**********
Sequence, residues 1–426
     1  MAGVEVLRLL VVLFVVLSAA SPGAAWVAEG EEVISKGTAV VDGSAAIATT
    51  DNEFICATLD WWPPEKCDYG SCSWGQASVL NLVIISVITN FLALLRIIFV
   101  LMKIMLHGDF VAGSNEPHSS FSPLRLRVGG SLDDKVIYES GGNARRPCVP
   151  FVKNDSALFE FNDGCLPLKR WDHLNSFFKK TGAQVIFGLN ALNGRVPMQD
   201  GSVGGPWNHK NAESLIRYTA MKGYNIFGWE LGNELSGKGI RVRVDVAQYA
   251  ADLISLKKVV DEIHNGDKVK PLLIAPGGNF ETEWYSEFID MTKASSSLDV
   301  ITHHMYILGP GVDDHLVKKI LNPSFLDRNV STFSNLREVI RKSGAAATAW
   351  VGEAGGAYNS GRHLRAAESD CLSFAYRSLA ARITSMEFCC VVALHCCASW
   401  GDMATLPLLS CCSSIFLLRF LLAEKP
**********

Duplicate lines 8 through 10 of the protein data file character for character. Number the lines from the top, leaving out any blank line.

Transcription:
   301  ITHHMYILGP GVDDHLVKKI LNPSFLDRNV STFSNLREVI RKSGAAATAW
   351  VGEAGGAYNS GRHLRAAESD CLSFAYRSLA ARITSMEFCC VVALHCCASW
   401  GDMATLPLLS CCSSIFLLRF LLAEKP